22nd September 2014: Startup of the week: Vivametrica
For this 'Startup of the week' post, I caught up with Dr Richard Hu, Founder and CEO of Canadian startup, Vivametrica.
[Disclosure: I have no commercial ties with Vivametrica]
1. What is Vivametrica?
Vivametrica provides a first of its kind analytics platform for wearable healthcare. Our device agnostic platform delivers a standardized approach to data collection and management, bridging the gap between wearable fitness applications and actionable data for consumers, enterprises, healthcare and researchers. Created by physicians and researchers, Vivametrica’s approach is based on comprehensive clinical findings in the fields of physical activity, rehabilitation and medicine.
2. Could you explain the essence of Vivametrica, i.e it's core values?
Since the consumer is quite literally the engine producing wearables data, they own it, should benefit from it, and can decide who to share it with.
We standardize and analyze the data from wearable techs to create health solutions for consumers, enterprises, healthcare providers and insurance providers.
Personalized information gathering, management and analysis can create meaningful actions that improve health and wellness.
3. What's the business model you're operating under?
Our consumer solution is free to anyone. In the future, we will introduce enterprise offerings on SaaS and DaaS models.
4. Is there anyone else doing the same as you?
We see significant opportunity to turn potentially competitive entities into partners, channels and clients.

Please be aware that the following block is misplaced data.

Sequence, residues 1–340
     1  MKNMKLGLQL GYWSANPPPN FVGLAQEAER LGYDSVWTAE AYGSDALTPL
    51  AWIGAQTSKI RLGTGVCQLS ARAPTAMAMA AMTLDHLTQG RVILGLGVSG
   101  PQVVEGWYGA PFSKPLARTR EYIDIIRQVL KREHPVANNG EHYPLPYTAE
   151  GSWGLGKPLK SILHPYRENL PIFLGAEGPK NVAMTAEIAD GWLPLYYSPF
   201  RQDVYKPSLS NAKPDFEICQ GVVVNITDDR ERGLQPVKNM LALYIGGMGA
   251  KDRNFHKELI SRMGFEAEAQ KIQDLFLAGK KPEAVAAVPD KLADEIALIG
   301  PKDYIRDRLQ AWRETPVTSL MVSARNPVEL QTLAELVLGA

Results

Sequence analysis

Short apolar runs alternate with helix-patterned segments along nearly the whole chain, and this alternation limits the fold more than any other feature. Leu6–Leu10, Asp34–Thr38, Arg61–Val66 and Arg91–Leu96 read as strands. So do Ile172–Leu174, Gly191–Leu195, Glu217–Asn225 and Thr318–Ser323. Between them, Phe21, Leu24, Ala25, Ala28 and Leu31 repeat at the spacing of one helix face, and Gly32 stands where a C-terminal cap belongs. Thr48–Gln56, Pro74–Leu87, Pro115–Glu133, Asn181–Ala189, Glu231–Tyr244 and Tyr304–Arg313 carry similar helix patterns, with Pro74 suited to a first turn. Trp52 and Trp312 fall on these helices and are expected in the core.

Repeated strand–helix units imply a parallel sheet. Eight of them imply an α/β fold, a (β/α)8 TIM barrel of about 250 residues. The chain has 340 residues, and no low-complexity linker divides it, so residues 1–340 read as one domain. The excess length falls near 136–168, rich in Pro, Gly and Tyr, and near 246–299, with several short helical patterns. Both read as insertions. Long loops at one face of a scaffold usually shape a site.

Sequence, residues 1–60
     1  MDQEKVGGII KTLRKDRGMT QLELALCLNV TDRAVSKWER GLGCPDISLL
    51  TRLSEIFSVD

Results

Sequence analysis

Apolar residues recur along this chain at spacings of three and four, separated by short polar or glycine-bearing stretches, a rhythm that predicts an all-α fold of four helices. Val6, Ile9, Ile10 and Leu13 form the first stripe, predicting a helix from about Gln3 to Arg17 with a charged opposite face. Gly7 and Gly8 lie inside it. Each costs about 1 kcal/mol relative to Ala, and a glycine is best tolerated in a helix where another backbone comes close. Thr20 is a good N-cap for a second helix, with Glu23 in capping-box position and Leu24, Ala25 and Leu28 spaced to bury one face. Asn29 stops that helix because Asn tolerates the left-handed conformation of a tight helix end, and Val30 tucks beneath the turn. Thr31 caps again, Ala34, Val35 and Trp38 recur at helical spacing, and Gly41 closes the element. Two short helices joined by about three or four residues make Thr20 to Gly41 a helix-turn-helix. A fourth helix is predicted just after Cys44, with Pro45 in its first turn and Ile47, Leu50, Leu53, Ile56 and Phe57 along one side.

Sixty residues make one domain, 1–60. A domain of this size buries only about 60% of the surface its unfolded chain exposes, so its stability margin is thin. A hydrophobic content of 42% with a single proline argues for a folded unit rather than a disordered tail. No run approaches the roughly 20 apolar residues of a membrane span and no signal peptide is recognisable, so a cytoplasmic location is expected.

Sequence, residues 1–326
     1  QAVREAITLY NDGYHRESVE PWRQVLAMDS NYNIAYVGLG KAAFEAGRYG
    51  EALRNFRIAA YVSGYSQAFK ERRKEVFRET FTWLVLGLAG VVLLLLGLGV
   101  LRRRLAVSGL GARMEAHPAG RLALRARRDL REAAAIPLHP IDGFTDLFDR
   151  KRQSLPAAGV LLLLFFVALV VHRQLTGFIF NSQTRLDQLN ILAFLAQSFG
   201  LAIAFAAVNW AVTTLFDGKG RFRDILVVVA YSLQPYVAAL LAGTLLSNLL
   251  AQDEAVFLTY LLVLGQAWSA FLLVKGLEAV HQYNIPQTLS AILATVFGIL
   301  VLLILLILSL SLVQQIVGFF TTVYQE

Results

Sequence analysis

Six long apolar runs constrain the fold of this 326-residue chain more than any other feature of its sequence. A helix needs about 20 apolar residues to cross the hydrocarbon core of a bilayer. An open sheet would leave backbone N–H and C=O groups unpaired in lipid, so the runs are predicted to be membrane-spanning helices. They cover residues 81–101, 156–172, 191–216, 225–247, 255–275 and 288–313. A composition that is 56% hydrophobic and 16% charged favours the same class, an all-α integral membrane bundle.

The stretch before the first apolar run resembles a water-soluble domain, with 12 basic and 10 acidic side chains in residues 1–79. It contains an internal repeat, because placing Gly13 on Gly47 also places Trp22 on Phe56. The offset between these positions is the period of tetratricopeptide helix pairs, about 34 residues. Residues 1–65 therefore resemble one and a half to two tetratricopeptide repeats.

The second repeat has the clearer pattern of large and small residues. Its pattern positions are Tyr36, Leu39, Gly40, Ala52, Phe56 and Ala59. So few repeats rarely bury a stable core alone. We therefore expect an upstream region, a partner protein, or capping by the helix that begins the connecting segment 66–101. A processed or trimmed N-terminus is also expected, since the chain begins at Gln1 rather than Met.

• Google, Apple and Samsung are making significant investments into developing platforms for wearables and healthcare
• Device manufacturers are developing technology and/or business partnerships to address future market demand
• Health solutions providers are searching for ways to deliver value and realize incremental gains from clients that are vertically aligned with Vivametrica’s values
5. Was there one moment which compelled you to begin the journey of working on Vivametrica?
The impetus to begin working on Vivametrica came from an accumulation of past experience with clinical care and research. However, the “aha moment” came when I started doing more in depth investigation of activity monitors on spinal diseases. That coupled with some recent health problems in my family acted as a trigger to convert the knowledge and relationships that I had accrued over many years into the development of Vivametrica.
6. What have reactions to Vivametrica been? Do different people perceive it differently?
It’s been quite astonishing to us just how many people ‘get it’ and do so almost instantly. Just four months ago, most of the buzz was still around devices – Today, the conversation has shifted almost entirely to what can be done with the data from wearables, and, specifically how wearables analytics can and will play a role in the future of healthcare.
Perception is definitely dependent upon the focus and past life experience of the viewer. Despite this wide variation, the core concepts remain easily understandable. Personal information gathering and management, personalized analysis and resulting meaningful personal actions are the foundation of what we do.
7. Given that Silicon Valley is the world's innovation hub, it's inspiring to see a Canadian startup pushing boundaries. Do you see more ground breaking innovations in Digital Health coming from outside Silicon Valley?